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What is User Story Slicing
Slicing stories properly is critical to keeping your project agile. In my article about Epic User Stories I discuss the idea of story decomposition, this is what slicing is all about. User Story slicing is the process of decomposing large stories into small stories. The word “slicing” is very apt for this exercise. Properly decomposing stories means ensuring that the smaller stories continue to deliver value - end user value, not just technical value. Like slicing bread, no matter how thickly or thinly I slice it, I should still be able to make a sandwich.
DO NOT decompose a story into stories based on the tasks, and avoid creating ‘foundational’ stories. If you do this you are not working in an agile manner, you cannot get user feedback on this work, you cannot deliver direct business value with it and you are avoiding steps in the end to end process. There are other, better ways to slice your stories.
Horizontal and Vertical Slicing
Horizontal slicing is base on the traditional way that systems were build using waterfall project management. Starting with the requirements written into a functional specification signed off by the customer. Then a big, up front design is create based on the design and the build follows the same pattern starting with foundational pieces like infrastructure, databases, application servers and the application client (which is what the users interact with). Finally, this all goes to the Quality Assurance testers who then create test cases, and test the system. Once the system is stable enough it is deployed to production, taken over by operations and the project is complete.
Construction projects, and many other types of hardware projects work like this. It’s a very logical and comforting approach, easy to comprehend and leaves nothing to judgement. It’s also very efficient (or should be if you get everything right the first time).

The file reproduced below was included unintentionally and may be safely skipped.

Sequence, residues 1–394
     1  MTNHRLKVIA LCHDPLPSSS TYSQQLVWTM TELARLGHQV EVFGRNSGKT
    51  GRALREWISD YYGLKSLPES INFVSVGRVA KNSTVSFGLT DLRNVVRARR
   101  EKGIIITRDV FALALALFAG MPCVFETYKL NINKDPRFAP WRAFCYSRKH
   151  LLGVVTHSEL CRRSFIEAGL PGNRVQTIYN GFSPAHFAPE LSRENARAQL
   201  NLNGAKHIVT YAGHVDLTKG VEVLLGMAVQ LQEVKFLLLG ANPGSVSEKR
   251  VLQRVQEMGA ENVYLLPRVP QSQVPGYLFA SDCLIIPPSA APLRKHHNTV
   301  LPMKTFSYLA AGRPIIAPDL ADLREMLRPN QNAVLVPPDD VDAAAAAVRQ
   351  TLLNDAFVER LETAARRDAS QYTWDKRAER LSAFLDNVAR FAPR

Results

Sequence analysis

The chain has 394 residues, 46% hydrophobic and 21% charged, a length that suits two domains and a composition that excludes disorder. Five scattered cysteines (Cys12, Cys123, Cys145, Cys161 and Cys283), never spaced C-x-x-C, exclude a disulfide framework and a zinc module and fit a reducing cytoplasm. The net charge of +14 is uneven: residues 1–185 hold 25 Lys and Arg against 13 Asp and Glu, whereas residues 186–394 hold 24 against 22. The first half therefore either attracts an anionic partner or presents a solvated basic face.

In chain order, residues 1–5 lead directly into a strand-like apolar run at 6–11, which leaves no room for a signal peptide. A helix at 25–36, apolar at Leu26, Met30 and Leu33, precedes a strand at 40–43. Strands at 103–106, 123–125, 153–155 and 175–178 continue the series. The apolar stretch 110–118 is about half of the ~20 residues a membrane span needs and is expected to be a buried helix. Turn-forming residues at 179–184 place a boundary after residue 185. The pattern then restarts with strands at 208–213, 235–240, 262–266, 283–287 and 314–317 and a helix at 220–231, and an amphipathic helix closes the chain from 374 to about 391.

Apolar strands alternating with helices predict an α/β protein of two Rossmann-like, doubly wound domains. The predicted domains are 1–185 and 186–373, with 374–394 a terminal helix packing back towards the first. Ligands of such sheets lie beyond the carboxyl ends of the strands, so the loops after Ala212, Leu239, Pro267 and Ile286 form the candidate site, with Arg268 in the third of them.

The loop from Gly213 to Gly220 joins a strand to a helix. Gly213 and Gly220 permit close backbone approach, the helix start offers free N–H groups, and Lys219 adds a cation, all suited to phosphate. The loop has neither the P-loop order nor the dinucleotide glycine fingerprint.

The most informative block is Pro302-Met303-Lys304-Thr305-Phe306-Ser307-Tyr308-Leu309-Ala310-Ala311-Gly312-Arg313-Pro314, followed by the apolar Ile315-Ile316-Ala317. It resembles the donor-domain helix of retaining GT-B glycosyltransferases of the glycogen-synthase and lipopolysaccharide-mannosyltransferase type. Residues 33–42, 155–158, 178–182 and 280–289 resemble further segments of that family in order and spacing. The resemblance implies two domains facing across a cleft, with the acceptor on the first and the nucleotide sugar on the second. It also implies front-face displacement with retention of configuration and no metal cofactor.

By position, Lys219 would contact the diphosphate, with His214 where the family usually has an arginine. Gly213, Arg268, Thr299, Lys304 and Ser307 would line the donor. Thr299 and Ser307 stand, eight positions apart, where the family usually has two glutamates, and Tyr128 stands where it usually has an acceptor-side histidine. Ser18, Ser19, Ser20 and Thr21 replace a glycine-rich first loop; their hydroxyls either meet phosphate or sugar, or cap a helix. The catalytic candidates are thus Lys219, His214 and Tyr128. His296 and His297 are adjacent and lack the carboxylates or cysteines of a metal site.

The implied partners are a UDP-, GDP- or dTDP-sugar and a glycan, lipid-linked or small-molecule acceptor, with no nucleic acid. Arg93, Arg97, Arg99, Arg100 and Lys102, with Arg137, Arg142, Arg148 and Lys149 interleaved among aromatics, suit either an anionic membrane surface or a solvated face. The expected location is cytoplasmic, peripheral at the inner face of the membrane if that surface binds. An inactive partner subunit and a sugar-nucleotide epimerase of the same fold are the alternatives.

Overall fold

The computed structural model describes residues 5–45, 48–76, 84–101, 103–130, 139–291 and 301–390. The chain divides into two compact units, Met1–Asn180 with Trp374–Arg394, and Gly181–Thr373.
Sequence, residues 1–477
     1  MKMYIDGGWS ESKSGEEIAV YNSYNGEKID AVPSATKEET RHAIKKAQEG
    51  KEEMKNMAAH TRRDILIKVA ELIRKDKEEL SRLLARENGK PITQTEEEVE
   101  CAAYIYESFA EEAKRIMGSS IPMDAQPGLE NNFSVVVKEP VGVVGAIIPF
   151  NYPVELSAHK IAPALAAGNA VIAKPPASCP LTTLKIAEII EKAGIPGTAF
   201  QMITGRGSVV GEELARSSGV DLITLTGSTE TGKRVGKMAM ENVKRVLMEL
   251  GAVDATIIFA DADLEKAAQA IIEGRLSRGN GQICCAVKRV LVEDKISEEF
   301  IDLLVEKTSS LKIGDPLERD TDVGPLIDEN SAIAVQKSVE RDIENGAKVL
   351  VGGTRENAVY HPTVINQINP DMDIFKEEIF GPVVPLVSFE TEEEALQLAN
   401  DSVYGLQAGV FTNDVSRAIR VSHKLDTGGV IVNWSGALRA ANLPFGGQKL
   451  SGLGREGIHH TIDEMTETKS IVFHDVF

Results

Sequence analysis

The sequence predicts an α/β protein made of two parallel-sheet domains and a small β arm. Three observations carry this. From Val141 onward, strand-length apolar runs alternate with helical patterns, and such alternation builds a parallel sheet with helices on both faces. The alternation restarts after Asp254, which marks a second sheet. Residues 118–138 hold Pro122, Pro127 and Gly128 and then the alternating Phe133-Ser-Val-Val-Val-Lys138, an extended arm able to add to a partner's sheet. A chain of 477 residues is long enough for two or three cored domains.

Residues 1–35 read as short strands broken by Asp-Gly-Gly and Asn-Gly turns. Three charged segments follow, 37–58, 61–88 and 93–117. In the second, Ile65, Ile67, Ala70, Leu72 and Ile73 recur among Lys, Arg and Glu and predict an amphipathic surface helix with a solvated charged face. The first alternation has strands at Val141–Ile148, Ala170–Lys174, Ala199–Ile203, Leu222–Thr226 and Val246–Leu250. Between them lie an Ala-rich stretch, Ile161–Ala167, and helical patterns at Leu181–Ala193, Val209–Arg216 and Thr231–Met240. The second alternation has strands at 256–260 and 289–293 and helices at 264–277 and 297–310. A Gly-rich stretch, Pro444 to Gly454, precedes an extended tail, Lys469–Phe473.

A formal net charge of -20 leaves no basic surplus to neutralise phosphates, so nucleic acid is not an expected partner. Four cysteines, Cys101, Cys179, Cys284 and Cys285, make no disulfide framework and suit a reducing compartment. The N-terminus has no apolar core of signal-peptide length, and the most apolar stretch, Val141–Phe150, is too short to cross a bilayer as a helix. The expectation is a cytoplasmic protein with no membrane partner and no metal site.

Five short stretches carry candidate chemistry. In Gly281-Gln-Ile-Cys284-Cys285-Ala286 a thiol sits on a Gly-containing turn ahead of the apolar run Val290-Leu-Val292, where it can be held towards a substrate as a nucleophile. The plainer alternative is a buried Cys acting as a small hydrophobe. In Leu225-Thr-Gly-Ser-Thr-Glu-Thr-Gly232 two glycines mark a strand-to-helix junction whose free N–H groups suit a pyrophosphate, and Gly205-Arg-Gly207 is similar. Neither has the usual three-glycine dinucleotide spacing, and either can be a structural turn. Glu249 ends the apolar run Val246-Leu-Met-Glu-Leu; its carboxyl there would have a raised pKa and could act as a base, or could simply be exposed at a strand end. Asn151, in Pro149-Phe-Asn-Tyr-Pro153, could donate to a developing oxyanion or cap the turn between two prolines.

However, all the functionality of the system is delivered at the end, leaving no room for iteration and change. We know this is NOT an agile approach. Yet I see many backlogs sliced in this way. I think it’s just really hard to escape horizontal thinking because horizontal slicing is how we do most things in life.
For example, when I prepare a meal, I figure out what I want to serve, get all the ingredients, prepare, cook and serve the meal. When I buy a car, I determine my needs and budget, do the research, test drive vehicles and buy the car I want at the lowest price I can get. We don’t live life iteratively, or if we do it’s project by project. If my meal doesn’t work out, I choose a new recipe. If my car is a poor choice, I sell it and choose something else and I go through the whole project process again.
Agile doesn’t work with horizontal slicing, so we use vertical slicing. Be warned - per my examples above, vertical slicing requires unorthodox thinking. The vertical slicing versions of my examples above would look something like this. If I was preparing a meal like steak and salad, I would cut a small section of the steak, say an ounce of meat, and I would mix an eight of my salad ingredients and combine a mini version of my dressing. I create a mini meal, only a few mouthfuls, but enough to get an idea of the taste. I reflect on this attempt and come up with possible improvements and I create another mini meal with the improvements until I can’t improve it anymore or I lose patience and declare my recipe ‘good enough’ (this is know as ‘Minimum Viable Product’).
For the car example I would need to be able to borrow or rent a car for some small amount of time, learn from it and choose another car that I think might be an improvement until I find the one that works best. Very unorthodox, what dealership would put up with this! But this is what agile thinking demands of us.